To understand the way the Federal Reserve views the economic recovery, think about a long, bumpy train ride.
The train is moving toward its destination—but it could well be “five to six years,” as the Fed put it in the minutes released Wednesday of its June meeting—before it moves as fast it can.
Here’s what the central bank said in Fedspeak:
“Participants generally anticipated that, in light of the severity of the economic downturn, it would take some time for the economy to converge fully to its longer-run path as characterized by sustainable rates of output growth, unemployment, and inflation ... most expected the convergence process to take no more than five to six years."
That time frame had been out there, but previous Fed minutes said that only a minority of participants of the rate-setting Federal Open Market Committee (FOMC) believed that to be the case. Now it appears to be conventional wisdom. This explanation has been a long time in coming.
In normal times, you would expect the Fed to either be hitting its targets for inflation, growth and unemployment now, or to do so within a three-year window.
The Fed drives the train. So if it’s not where it wants to be, it can speed up or slow as needed. If a majority of Fed officials, for example, don’t believe that the unemployment rate will be in the 5 percent range by 2012, the Fed should lower rates.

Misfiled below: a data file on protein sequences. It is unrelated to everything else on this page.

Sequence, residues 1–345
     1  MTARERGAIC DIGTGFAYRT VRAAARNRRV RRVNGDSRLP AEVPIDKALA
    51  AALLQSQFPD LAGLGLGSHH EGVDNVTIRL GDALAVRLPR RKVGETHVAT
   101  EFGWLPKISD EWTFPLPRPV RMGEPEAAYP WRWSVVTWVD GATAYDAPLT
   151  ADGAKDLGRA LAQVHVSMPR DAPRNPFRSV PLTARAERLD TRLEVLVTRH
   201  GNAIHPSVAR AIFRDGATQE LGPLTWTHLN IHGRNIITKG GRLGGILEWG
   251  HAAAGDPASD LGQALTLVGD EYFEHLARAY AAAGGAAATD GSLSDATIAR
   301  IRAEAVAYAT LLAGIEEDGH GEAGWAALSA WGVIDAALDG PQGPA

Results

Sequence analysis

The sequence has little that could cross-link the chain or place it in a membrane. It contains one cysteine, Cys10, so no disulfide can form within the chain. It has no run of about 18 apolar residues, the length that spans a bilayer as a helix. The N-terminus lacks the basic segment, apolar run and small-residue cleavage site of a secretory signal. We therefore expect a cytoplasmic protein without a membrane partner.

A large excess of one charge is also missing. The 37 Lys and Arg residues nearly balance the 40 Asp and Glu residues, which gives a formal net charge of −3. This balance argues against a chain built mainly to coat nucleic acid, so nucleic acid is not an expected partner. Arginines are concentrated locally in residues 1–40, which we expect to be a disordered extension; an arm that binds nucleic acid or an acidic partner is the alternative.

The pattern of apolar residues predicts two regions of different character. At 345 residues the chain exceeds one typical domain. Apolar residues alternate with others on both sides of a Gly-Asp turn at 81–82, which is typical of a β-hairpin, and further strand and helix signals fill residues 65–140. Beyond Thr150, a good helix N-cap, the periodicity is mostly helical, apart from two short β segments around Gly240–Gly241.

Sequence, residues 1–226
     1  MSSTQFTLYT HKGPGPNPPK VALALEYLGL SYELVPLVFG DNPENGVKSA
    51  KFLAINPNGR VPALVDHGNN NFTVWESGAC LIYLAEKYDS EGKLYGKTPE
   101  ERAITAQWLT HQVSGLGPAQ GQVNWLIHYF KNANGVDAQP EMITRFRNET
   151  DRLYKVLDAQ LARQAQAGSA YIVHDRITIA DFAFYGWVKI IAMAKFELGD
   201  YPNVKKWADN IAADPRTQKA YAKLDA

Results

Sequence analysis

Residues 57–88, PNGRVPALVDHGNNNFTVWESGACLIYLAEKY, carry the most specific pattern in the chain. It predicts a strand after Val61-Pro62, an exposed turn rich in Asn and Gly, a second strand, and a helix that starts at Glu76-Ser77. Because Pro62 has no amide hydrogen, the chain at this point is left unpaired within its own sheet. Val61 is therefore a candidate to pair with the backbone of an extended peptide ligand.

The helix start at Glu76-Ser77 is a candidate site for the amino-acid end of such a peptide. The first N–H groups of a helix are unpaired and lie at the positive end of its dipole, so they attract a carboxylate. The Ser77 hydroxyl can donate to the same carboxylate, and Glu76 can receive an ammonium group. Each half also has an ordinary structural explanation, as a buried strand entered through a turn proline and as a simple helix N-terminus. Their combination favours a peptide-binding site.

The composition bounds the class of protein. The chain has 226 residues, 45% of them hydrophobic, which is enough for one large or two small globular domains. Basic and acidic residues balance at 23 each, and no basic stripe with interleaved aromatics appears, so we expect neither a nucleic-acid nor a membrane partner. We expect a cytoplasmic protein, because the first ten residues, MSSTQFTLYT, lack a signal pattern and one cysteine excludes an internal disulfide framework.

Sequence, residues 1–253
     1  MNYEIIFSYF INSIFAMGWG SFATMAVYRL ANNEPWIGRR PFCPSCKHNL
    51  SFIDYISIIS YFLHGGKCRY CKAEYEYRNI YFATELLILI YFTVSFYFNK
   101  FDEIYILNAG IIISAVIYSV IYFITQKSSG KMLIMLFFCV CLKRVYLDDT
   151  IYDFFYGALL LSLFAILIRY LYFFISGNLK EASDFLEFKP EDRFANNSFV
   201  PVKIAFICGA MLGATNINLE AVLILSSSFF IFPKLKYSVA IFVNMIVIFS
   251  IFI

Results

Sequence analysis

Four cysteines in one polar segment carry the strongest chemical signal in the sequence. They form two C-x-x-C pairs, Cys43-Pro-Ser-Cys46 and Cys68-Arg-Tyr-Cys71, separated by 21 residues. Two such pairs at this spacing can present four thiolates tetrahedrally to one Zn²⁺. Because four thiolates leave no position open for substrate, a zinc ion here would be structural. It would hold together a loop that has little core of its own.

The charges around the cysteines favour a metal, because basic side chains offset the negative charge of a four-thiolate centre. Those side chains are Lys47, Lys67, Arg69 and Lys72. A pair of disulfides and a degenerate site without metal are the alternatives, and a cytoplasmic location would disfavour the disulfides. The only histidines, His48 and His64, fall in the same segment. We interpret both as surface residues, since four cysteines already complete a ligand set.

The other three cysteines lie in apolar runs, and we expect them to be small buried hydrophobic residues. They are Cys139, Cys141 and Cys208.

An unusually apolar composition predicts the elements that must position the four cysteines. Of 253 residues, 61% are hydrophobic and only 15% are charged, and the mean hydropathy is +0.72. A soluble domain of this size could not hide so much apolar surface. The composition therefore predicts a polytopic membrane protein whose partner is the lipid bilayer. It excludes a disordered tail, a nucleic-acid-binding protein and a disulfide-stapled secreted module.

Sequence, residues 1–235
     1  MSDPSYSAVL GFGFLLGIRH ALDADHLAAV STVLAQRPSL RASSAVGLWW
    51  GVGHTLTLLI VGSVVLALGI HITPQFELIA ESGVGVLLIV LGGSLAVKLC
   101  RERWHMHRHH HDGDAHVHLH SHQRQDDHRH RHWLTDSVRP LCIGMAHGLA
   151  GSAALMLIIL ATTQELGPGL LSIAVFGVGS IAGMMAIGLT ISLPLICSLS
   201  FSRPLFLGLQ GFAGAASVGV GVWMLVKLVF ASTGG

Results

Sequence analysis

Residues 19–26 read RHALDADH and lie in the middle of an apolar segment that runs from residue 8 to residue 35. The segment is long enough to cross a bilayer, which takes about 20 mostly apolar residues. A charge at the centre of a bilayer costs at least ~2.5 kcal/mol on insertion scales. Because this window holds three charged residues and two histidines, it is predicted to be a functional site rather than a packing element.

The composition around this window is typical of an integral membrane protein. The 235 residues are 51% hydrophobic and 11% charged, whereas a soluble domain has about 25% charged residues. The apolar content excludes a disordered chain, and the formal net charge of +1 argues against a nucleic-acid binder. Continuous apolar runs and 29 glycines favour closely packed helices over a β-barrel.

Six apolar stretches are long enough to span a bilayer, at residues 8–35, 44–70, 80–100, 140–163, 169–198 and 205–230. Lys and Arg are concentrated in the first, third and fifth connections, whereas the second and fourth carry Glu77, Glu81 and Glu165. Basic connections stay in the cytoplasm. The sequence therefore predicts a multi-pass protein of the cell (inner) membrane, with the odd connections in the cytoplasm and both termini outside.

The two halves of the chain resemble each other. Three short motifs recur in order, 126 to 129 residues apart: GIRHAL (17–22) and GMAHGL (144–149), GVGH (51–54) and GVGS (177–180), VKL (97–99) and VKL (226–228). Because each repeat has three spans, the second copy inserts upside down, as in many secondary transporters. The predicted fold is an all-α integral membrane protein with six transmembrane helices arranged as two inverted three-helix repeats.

But not since July 2008 has the average forecast for the 17 members of the FOMCprojected an unemployment rate three years out that was around 5 percent, the presumed potential of the economy. That was also the last time the Fed thought it would hit its inflation target of around 2 percent in a three-year window.
So not only the Fed has been unable to get the train up to speed, it’s been acknowledging it wouldn’t get there.
What does it mean that it could take up to five to six years to get the economy performing to its potential? First, it does not mean we will be in recession that entire time. In fact, the Fed sees growth of 3 percent this year (a bit lower than its forecast in April), accelerating to 4 percent in 2012.